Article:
Japanese knives are popular worldwide for being nothing but the best. Their beautiful and detailed design, their lightweight and ultra-thin construction, and ultra-sharp blades are just some of the reasons why professional chefs and home cooks alike love to have them in their kitchen arsenal.
If you’re the type of person who likes to try your hand at different cuisines in the kitchen, you must have considered getting one of the best Japanese knives at least once in your lifetime. If that ‘once in your lifetime’ is now, we have some great news for you.
We understand that finding a Japanese knife from the market can be intimidating as there are so many brands and varieties available. But, to make it easy for you, we have listed down some options that you can start cooking with.
So, if you require the best Japanese knife to slice your meat, vegetables, or fish, this list of amazing Japanese cutleries is sure to fit the bill.
7 Best Japanese Knives Review
1. Shun Cutlery Premier 7-inch Santoku Knife – Best Overall
When you choose this knife, you will have two blade options in terms of size – 5.5” and 7”. Choose the one you think you will be most comfortable with. Additionally, you can also opt for a knife that comes with a sharpener or one that can be custom engraved.
The blade comprises 34-layer VG-Max steel, which assures its durability. However, to make it last longer, it is always recommended to use softwood cutting boards. Another interesting feature of this knife is the PakkaWood handle that is walnut-colored.
So, apart from its functionality, it even bags a good place in terms of aesthetics. Last, it is light in weight, meaning less fatigue while you’re working with it.
- Sharp blade
- High-quality construction
- Aesthetically pleasing
- Relatively light in weight
- Two size options available
- Using a knife on glass or granite chopping boards can damage them
- You may need the sharpening steel to keep the knife working properly
2. Miyabi Birchwood SG2 Chef’s Knife – Best Premium Choice
Although it is on the more expensive side, this premium knife comes with a lot of value. First, it comes in three sizes – 6”, 8” and 9”, so you have plenty of options to choose from. This Gyuto type knife is ideal for cutting meat as it has a very sharp tip.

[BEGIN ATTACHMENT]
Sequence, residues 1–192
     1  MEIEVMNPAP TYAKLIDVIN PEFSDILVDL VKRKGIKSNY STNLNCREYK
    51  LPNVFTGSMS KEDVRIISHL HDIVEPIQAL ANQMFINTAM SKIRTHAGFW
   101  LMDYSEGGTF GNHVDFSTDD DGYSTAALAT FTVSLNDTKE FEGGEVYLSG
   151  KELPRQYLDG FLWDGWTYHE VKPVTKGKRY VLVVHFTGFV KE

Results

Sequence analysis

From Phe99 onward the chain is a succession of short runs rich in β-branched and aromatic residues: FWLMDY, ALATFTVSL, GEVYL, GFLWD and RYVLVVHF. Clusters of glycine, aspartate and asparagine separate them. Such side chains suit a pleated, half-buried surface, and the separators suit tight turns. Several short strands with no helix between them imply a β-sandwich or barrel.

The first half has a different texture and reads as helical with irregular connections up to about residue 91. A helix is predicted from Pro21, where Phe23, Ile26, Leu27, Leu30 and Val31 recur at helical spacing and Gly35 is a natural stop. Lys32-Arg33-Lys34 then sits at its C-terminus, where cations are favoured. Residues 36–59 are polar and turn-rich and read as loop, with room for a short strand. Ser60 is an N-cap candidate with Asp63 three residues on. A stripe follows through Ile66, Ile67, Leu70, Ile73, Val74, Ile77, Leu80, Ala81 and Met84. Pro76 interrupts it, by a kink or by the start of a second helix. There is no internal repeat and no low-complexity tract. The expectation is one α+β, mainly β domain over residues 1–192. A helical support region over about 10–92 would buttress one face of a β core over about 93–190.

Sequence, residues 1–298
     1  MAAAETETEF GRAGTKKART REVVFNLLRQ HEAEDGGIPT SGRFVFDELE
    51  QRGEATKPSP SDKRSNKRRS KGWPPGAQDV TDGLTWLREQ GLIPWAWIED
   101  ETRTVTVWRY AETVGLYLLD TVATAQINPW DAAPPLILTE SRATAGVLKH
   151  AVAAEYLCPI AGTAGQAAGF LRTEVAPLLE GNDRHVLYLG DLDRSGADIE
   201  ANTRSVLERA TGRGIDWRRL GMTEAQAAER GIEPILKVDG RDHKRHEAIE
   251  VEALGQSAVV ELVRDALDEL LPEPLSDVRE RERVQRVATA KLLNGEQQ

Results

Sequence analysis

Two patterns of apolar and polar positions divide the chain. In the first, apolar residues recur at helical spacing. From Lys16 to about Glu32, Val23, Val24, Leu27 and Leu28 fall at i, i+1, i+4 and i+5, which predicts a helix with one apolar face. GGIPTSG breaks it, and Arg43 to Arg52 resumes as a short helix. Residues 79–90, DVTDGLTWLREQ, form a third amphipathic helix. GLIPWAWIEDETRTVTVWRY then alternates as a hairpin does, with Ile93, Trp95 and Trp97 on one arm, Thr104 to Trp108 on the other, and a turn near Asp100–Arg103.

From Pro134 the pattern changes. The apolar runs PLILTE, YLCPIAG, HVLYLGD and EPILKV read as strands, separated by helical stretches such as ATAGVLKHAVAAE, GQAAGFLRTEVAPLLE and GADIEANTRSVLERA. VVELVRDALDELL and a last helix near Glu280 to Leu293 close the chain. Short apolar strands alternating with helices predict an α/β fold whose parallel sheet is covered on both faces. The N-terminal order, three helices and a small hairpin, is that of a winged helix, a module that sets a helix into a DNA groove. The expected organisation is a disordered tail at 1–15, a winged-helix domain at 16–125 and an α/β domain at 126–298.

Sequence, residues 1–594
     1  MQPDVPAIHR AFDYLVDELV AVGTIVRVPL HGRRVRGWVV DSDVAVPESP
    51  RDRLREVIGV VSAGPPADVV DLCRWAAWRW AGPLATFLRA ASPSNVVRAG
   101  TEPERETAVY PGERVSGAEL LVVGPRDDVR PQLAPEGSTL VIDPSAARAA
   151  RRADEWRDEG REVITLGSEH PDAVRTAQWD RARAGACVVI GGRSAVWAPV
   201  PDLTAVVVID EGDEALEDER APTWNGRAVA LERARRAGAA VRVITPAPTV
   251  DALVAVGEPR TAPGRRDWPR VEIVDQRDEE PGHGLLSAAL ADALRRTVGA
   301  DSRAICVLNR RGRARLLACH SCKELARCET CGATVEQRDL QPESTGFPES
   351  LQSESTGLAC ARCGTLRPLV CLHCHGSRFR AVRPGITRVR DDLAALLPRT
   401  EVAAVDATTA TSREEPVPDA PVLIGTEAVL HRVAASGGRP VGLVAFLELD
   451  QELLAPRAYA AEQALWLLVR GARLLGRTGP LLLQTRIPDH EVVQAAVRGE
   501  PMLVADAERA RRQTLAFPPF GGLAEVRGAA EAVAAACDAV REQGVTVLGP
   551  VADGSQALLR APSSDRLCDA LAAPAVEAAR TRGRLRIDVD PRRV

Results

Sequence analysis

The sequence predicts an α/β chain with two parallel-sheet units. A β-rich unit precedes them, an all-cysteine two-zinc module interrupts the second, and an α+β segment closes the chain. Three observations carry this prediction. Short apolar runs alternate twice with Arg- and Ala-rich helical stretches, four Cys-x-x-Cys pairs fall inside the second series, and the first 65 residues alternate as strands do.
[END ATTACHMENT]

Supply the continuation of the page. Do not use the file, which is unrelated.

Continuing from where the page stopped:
Another fascinating feature is the handle that is made of Karelian birch. Not only this, but even the blade has a beautiful finish. Moreover, it is made from only high-quality materials, including SG2 micro-carbide powder steel.
It’s the perfect choice if you are not concerned about its weight. Yes, it weighs almost twice as much as a Santoku knife.
- High-quality and durable steel knife
- Ideal for cutting meat
- Attractive handle with a beautiful blade finish
- Three size options to choose from
- Quite expensive
- Needs regular maintenance
3. Kyocera Advanced Ceramic Revolution Series Utility Knife – Best Budget Choice
Need a knife for home cooking? Go with the Kyocera Advanced Ceramic Revolution Series Utility Knife. The blade length is 4.5,”, which is sufficient for your normal home culinary needs.
Ceramic blades are not known for their durability, but if you carefully follow the manufacturer’s instructions, like not using them on frozen or hard foods, you’re sure to increase their shelf life. An attractive feature of this knife is the price. It is inexpensive and perfect for home use.
- Dishwasher safe
- Available in different colors
- Blades are brittle
- Not ideal for commercial use
4. Zelite Infinity Alpha-Royal Series Santoku Knife 7 Inch – Best for Beginners
Santoku knives are more special than standard chef’s knives for a reason. This Santoku knife has a gently curved blade with a unique tip, Granton edge, and Damascus pattern.
Made from imported Japanese steel, the blade gets its pattern from the 67 layers of metal. The handle is triple-riveted and has a shape that makes it easy to hold, regardless of how much chopping and cutting work you do.
In short, this knife lives up to its description of being a general-purpose blade as it can conveniently cut veggies for salads, herbs, tomatoes, greens, and even nuts.
- Attractive 67-layer blade
- Great performance on routine kitchen applications
- Gift-worthy packaging
- It may seem to be heavy for some cooks
- Unlike conventional Santoku knives, the Zelite Infinity knife has a curved blade
5. Yoshihiro VG-10 16 Layer Hammered Damascus Stainless Steel Nakiri Vegetable Knife – Best for Vegetables
This knife may not be that popular among chefs, but it is known as the Nakiri knife and is used for cutting vegetables in Japan. It is made of 16 layers of steel, and the hammered surface over the core metal makes it look stunning and helps prevent the foods from sticking to the blade.
Another great feature is its flat cutting edge. Due to this design, the entire blade makes contact with the surface. This, in turn, makes it easier to cut the vegetables more uniformly.